Vietnam’s secret wellness retreat
No chef wakes up dreaming of celery," laughs Alex Oddy, the Australian executive chef at Vietnam's Six Senses Ninh Van Bay resort.
But Chef Alex, as he likes to be called, has fought the temptation to eat fatty foods and instead forged a love affair with fresh produce.
The switch has served him well.
Before taking up his new post in mid-2017, he lost 45kg. Goodbye hot chips. Hello cabbage and kale. Now he's on a mission to teach others about "mindful dining".
Guests at the secluded five-star Six Senses Ninh Van Bay resort - an hour's commute by car and boat from Cam Ranh International Airport in Vietnam's southeast - don't need to book in for a specific detox. Eating clean, healthy food is simply part of the experience.
Aprons on, we begin a midday cooking class with Chef Alex and several industrious Vietnamese helpers. The setting couldn't be more perfect. Shaded under a marquee, warm breeze blowing, our skin still salty from a dip in the sea, we are surrounded by a lush organic garden and well-looked after by a Swiss waiter proffering Alsace riesling.
First up are rice paper rolls, filled with sprouts, prawns and carrot and folded with varying degrees of clumsiness by our Australian group of five. A peanut dipping sauce is whizzed together - orange juice, lime juice and fish sauce for a sweet and sour zing - and we enjoy our creations at a beautifully laid table just for us.
Ceviche is next, the classic marinated raw fish dish enlivened with lashings of mango, which are sweeter and juicier than any we've eaten at home. The secret to tasty raw fare is to slice or chop ingredients finely so that one mouthful delivers an abundance of flavours, we're told.
So it is with Chef Alex's "super salad", which the big man ate every day for six months when he was shedding the kilos. Along with the cabbage and kale, it has walnuts, spinach, mushrooms, carrots, almonds, asparagus, red onion, lettuce, basil and mint. Tossed with a simple lemon and olive oil dressing, it is delicious.
More than 60 per cent of the produce used in the restaurants at Six Senses Ninh Van Bay is local, much of it grown on the property. Tour the organic garden for an hour with the resort's "sustainability supervisor", Ms Ngoc, and you'll encounter 40 types of herbs, fruit and vegetables, a mushroom hut, a water heating plant that meets 70 per cent of the resort's hot water needs, and happy chooks and roosters which roam in a large enclosure with piped classical music.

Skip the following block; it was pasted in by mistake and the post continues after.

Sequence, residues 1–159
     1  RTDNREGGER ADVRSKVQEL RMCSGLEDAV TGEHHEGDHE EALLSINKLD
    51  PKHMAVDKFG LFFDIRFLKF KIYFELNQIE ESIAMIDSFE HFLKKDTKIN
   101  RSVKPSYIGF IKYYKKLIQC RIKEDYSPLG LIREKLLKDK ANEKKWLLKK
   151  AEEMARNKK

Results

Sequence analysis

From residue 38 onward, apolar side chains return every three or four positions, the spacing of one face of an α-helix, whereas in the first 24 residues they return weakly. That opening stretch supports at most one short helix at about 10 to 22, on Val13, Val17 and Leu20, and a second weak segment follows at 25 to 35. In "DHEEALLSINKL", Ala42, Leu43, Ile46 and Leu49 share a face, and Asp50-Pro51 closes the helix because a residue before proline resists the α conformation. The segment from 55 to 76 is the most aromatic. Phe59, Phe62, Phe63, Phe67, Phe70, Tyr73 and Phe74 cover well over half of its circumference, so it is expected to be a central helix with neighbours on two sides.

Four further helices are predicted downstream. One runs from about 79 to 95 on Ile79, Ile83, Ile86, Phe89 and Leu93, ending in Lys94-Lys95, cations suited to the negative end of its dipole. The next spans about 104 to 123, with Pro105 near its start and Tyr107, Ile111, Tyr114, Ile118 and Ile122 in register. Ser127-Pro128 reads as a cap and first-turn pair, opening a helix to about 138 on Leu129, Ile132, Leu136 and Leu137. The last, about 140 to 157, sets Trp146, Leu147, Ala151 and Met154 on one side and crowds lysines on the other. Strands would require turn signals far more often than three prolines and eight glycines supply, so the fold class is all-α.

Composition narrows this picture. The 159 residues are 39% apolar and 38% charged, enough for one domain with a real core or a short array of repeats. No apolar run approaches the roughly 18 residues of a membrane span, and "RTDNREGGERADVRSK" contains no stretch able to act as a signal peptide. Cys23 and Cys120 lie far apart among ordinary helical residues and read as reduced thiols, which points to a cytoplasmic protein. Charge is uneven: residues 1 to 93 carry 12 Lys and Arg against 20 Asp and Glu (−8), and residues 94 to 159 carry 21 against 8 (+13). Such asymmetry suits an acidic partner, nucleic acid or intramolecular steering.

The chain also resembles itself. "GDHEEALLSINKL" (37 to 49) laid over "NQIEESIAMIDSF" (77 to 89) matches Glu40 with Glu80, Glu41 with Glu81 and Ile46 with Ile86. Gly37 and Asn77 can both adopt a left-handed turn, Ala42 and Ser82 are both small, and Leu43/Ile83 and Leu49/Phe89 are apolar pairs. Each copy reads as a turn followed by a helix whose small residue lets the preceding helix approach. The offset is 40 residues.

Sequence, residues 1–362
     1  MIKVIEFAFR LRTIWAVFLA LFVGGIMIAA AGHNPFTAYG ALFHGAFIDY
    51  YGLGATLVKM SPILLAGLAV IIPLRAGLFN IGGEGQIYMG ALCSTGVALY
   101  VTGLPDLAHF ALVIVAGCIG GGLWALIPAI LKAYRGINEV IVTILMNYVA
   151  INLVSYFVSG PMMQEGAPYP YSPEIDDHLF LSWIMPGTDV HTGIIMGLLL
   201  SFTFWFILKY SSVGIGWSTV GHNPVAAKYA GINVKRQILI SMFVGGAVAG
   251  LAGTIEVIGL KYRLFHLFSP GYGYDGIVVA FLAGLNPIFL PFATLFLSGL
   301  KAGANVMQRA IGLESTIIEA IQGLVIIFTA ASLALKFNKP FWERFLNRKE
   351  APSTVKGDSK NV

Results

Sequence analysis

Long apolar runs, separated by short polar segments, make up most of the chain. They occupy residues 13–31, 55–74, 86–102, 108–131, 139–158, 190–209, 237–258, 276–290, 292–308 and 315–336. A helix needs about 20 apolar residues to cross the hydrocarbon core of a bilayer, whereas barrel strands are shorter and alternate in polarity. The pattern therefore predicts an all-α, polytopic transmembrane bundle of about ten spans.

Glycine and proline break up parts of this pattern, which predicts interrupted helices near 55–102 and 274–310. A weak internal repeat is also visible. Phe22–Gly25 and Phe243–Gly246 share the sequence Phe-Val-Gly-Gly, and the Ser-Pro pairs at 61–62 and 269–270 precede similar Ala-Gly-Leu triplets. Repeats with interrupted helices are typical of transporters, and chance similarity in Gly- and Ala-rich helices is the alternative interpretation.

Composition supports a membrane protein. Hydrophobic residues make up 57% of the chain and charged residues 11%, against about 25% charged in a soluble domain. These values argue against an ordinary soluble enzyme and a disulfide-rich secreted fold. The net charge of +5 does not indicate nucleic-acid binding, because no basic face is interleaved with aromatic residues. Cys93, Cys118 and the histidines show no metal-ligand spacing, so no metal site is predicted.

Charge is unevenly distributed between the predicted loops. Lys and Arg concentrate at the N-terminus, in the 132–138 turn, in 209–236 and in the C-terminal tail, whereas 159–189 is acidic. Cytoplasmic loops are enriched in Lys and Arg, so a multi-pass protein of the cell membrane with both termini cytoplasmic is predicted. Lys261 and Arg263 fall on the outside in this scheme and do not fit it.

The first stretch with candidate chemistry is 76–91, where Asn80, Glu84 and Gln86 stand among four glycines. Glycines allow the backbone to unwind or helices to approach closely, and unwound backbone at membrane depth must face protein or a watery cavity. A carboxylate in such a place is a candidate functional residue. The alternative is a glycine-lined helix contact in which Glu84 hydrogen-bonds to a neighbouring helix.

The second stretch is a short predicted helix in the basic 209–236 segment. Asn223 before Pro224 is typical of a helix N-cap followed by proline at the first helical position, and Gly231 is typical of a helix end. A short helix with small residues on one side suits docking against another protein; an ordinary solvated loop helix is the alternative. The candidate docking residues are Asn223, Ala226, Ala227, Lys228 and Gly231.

The commitment to sustainability - and respecting the land - is strong. In the "earth lab" hut, daily updates are posted on energy and water consumption per room, energy generated by solar panels, and the volume of organic food produced on site. A reverse osmosis plant makes quality still and sparkling mineral water, which is served in reusable glass bottles, eliminating the need to import branded water in plastic bottles. And there are workshops on how to make your own toothpaste using natural ingredients.
The recycled timber villas fronting the sandy pebbled bay (others are nestled high in the hillside rocks) come with plunge pools, complimentary bicycles, incense sticks, deep Swedish timber baths and outdoor showers. Allowing natural ventilation, the top floor is largely open to the elements, with the sound of waves lapping in the morning offering a peaceful awakening. And if there is anything you're unsure of - or a place you'd like to go to by buggy - your personal butler or "gem" (guest experience maker) will sort it.
Six Senses guests can do guided hikes, aerial yoga or snorkel on the resort's coral reef. They can take a sunset cruise, with nibbles and bubbles, in a traditional Vietnamese boat, do a spot of early morning fishing, try a tai chi class, taste wine in a cellar built cleverly into natural rock, or unwind with a massage in the spa (say yes to opening the doors to hear the waterfall).
Happy hour by the pool is 3pm-4pm daily, and there is an ice-cream hut and nearby stall selling Malibu and coconut juice cocktails. And in the spirit of enhancing the tranquillity, the use of mobile phones is discouraged in public areas.
Guests who come to Six Senses specifically seeking a lifestyle reboot can choose the Integrated Wellness package, which was developed with American cardiologist Steven Gundry and other leading wellness doctors.
In addition to dietary planning, they receive a personalised health screening which can reveal areas in the body which require attention, a detailed tutorial on how to sleep better, products to boost shut-eye quality (including silky soft bamboo pyjamas) and nightly monitoring of sleep patterns.
All guests can eat well at Six Senses with the restaurants offering freshly made dishes largely free of flavour enhancers, lectins, lactose, gluten and sugar. The idea is to promote a healthy microbiome - the trillions of bacteria and other microorganisms that live in the gastrointestinal tract - to improve digestion, nutrient absorption and immunity.
The Six Senses group operates 11 resorts and 30 spas in 20 countries, and running through all properties is a focus on good food and a promise that guests will leave feeling better than when they arrived.
Nutritional wellness is the aim, and if you follow Chef Alex's example, you might also lose a few unwanted kilograms.
Vietnam Airlines flies from Sydney to Hanoi direct on Monday, Wednesday and Saturday. Connecting flights from Hanoi to Cam Ranh are three to four times daily, and hotel transfers from Cam Ranh Airport to Six Senses Ninh Van Bay are USD 52 per way per person
Rates for Six Senses Ninh Van Bay start from USD 720 per night for the entry level room category, Hill Top Pool Villa.
Sleep with Six Senses program is from $165 for the first night and $30 per subsequent nights.
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